Mumbai is the glittering epicentre of India’s gargantuan Hindi-language film industry. The Lumière brothers screened the first film ever shown in India at the Watson Hotel in Mumbai in 1896, and beginning with the 1913 silent epic Raja Harishchandra (with an all-male cast, some in drag) and the first talkie, Alam Ara (1931), Bollywood now churns out more than 1000 films a year – doubling Hollywood's output, and not surprising considering it has a captive audience of one-sixth of the world’s population.
Every part of India has its regional film industry, but Bollywood continues to entrance the nation with its escapist formula in which all-singing, all-dancing lovers fight and conquer the forces keeping them apart. These days, Hollywood-inspired thrillers and action extravaganzas vie for moviegoers’ attention alongside the more family-oriented saccharine formulas.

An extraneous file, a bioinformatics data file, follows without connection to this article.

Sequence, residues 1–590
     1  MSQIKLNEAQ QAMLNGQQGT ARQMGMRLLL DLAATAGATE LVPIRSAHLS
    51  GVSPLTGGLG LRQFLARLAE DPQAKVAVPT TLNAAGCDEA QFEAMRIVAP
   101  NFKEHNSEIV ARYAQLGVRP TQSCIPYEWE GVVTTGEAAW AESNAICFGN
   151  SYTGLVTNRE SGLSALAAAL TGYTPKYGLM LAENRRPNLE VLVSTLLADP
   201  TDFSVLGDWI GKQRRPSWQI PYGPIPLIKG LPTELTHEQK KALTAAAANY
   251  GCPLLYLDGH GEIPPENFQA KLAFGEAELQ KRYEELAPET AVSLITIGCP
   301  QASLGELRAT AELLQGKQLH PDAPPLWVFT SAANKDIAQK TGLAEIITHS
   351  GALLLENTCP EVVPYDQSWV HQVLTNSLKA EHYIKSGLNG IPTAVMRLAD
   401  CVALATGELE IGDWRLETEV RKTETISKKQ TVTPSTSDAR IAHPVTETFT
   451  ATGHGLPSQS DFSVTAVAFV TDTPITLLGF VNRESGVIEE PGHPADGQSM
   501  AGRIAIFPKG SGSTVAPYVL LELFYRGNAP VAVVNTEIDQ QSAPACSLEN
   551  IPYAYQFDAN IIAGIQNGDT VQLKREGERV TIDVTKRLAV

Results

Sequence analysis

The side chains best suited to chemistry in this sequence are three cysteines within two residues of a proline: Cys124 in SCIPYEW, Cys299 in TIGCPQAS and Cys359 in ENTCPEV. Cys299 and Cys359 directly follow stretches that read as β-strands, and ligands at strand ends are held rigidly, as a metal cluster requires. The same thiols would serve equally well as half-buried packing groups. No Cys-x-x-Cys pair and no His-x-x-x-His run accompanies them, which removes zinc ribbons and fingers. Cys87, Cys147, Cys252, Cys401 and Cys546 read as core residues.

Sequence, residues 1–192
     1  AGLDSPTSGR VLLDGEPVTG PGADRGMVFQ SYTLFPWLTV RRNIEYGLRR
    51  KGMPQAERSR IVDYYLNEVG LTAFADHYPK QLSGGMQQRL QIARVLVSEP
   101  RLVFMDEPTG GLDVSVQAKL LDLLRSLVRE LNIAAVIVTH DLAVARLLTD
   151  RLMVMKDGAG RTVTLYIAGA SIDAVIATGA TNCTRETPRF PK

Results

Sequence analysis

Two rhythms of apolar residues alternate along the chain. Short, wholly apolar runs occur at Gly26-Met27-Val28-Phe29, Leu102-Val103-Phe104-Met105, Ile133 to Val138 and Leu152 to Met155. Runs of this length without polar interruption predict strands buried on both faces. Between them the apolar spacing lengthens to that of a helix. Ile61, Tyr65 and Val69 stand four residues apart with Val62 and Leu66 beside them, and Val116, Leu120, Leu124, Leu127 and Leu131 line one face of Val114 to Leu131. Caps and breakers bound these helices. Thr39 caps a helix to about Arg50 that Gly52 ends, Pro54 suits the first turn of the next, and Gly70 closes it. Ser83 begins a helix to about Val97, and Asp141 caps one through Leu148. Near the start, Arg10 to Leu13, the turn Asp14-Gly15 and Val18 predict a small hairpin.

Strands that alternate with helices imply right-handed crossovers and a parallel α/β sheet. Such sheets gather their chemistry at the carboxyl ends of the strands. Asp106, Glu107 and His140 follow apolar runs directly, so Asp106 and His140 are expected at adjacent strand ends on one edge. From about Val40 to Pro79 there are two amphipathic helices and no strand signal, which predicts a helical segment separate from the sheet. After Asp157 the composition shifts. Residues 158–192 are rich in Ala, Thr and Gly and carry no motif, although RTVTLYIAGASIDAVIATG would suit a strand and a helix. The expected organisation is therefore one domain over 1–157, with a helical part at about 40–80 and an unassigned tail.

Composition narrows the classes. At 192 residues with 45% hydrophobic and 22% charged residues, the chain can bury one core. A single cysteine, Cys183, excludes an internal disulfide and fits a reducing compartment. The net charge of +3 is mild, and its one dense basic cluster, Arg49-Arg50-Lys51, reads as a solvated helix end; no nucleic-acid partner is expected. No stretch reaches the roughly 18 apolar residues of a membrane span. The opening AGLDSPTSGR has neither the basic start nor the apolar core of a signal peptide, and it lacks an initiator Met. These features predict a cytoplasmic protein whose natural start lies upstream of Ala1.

Bollywood stars can attain near-godlike status in India and star-spotting is a favourite pastime in Mumbai’s posher establishments. You can also see the stars’ homes as well as a film/TV studio with Bollywood Tours, but you’re not guaranteed to see a dance number and you may spend much of the tour in traffic.
Studios sometimes want Westerners as extras to add a whiff of international flair (or provocative dress, which locals often won’t wear) to a film. If you’re game, just hang around Colaba where studio scouts, recruiting for the following day’s shooting, will find you (as will gaggles of scammers).
A day’s work, which can be up to 16 hours, pays around ₹500 (more for speaking roles). You’ll get lunch, snacks and (usually) transport. The day can be long and hot with loads of standing around the set; not everyone has a positive experience.
Complaints range from lack of food and water to dangerous situations and intimidation when extras don’t comply with the director’s orders. Others describe the behind-the-scenes peek as a fascinating experience. Before agreeing to anything, always ask for the scout’s identification and go with your gut feeling.